Coevolving programs and unit tests from their specification

Andrea ARCURI, Xin YAO

Research output: Book Chapters | Papers in Conference ProceedingsConference paper (refereed)Researchpeer-review

29 Citations (Scopus)


Writing a formal specification before implementing a program helps to find problems with the system requirements. The requirements might be for example incomplete and ambiguous. Fixing these types of errors is very difficult and expensive during the implementation phase of the software development cycle. Although writing a formal specification is usually easier than implementing the actual code, writing a specification requires time, and often it is preferred, instead, to use this time on the implementation. In this paper we introduce for the first time a framework that might evolve any possible generic program from its specification. We use the Genetic Programming to evolve the programs, and at the same time we exploit the specifications to coevolve sets of unit tests. Programs are rewarded on how many tests they do not fail, whereas the unit tests are rewarded on how many programs they make fail. We present and analyse four different problems on which this novel technique is successfully applied. Copyright 2007 ACM.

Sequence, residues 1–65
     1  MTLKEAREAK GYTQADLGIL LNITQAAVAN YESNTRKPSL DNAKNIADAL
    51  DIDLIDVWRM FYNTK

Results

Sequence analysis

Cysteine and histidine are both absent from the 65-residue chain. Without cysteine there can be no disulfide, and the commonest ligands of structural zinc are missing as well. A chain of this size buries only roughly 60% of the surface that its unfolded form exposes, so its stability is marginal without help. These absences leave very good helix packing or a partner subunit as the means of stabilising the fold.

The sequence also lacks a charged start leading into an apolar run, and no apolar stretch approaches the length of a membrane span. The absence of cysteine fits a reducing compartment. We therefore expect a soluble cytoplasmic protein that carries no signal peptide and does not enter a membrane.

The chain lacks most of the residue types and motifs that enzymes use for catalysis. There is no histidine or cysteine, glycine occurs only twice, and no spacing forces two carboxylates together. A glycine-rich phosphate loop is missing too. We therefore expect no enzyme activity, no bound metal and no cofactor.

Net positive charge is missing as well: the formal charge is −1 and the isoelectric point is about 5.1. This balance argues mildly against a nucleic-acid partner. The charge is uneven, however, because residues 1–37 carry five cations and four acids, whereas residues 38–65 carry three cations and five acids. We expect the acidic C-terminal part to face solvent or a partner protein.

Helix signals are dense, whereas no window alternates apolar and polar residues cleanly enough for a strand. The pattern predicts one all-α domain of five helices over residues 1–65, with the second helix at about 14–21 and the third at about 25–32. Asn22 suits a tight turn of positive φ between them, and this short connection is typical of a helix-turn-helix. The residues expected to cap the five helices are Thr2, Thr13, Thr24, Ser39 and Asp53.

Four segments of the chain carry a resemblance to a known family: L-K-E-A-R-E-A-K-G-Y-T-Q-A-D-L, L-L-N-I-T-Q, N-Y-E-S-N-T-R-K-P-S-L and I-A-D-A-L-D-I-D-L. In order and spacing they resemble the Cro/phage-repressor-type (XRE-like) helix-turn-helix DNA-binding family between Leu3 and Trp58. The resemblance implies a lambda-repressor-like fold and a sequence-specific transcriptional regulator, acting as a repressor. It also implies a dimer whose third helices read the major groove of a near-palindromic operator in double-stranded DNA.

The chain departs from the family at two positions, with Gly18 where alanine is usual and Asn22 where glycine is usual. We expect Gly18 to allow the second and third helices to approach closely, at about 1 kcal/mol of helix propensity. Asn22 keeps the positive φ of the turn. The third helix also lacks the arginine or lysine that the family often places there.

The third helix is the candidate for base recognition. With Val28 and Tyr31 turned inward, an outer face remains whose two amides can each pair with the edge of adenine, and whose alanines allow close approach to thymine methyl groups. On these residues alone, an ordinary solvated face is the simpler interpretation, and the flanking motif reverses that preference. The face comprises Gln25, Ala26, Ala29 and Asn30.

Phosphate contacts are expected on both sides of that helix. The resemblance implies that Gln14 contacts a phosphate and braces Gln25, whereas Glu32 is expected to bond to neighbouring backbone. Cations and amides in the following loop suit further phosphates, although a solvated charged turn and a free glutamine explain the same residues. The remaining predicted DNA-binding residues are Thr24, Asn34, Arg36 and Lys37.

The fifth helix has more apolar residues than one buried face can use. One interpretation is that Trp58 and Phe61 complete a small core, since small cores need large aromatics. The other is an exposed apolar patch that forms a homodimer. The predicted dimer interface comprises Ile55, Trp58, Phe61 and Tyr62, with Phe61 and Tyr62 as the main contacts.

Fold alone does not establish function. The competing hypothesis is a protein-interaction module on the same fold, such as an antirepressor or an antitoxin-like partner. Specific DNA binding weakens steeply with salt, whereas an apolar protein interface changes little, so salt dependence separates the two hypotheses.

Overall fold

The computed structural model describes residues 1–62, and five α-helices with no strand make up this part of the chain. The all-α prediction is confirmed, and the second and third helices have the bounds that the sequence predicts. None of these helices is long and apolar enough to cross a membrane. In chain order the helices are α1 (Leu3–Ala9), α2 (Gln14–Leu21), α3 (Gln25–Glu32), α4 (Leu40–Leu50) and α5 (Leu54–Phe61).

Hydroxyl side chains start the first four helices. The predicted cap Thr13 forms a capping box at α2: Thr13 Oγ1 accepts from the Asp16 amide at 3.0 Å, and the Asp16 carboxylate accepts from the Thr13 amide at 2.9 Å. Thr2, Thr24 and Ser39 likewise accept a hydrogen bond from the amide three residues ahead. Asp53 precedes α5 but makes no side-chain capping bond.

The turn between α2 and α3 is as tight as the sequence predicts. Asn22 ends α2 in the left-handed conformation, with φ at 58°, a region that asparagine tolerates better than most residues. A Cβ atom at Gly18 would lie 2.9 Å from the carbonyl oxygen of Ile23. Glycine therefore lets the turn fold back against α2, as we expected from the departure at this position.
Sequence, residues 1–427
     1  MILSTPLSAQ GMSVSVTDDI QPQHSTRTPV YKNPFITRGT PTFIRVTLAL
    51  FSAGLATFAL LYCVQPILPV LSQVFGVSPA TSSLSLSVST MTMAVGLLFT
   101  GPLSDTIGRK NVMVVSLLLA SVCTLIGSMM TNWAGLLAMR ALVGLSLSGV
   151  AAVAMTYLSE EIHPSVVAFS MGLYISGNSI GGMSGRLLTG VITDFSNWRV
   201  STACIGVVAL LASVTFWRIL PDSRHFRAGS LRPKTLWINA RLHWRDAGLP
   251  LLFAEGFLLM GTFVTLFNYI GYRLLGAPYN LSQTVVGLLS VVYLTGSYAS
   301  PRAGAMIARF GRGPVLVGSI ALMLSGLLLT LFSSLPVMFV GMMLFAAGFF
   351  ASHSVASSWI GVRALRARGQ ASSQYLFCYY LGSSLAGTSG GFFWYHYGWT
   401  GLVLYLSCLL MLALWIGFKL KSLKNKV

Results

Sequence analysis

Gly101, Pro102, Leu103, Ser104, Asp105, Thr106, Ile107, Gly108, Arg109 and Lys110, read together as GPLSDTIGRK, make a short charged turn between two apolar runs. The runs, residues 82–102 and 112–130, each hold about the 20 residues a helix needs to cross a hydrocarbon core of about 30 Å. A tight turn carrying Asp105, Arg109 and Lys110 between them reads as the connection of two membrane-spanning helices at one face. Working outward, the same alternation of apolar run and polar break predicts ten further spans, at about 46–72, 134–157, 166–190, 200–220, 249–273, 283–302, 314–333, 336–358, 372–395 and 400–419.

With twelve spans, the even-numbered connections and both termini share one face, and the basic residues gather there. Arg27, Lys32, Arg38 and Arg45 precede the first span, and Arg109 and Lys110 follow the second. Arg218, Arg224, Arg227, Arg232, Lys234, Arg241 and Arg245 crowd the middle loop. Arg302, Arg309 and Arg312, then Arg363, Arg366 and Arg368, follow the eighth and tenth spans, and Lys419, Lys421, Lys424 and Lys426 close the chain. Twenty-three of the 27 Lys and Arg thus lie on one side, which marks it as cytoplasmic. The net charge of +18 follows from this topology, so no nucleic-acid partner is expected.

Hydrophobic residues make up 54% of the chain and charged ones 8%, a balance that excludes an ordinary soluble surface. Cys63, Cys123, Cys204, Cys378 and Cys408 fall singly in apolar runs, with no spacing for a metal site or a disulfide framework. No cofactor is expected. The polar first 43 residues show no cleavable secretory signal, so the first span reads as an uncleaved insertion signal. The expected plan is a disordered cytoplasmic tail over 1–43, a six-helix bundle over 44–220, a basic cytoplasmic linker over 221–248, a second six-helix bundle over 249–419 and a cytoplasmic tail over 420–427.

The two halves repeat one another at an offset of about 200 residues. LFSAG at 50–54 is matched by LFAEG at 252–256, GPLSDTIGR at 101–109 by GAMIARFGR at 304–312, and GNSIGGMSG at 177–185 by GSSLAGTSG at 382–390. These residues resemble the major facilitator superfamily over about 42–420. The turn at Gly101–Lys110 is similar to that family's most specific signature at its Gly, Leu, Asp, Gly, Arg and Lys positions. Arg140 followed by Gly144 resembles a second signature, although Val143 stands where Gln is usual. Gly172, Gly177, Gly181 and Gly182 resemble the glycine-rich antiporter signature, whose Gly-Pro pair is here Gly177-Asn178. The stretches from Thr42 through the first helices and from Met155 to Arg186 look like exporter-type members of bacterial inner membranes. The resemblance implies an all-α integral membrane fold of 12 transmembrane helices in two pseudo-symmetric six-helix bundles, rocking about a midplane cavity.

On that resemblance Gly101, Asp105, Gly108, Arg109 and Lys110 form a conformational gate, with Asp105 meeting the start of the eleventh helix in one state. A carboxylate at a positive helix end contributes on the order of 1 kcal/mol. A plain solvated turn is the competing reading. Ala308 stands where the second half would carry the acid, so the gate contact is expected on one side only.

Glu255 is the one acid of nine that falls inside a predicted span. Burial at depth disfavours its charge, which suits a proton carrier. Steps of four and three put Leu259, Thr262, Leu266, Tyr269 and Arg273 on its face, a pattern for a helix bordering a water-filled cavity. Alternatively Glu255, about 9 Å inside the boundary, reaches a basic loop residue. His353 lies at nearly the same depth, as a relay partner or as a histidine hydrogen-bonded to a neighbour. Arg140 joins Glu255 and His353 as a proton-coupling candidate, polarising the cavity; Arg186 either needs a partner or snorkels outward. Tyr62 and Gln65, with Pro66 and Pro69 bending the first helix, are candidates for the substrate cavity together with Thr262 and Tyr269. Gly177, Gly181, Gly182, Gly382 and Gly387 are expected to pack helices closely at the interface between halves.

Original languageEnglish
Title of host publicationASE'07 - 2007 ACM/IEEE International Conference on Automated Software Engineering
Number of pages4
Publication statusPublished - 5 Nov 2007
Externally publishedYes


  • automatic programming
  • coevolution
  • formal specification
  • genetic programming
  • software testing
  • sorting


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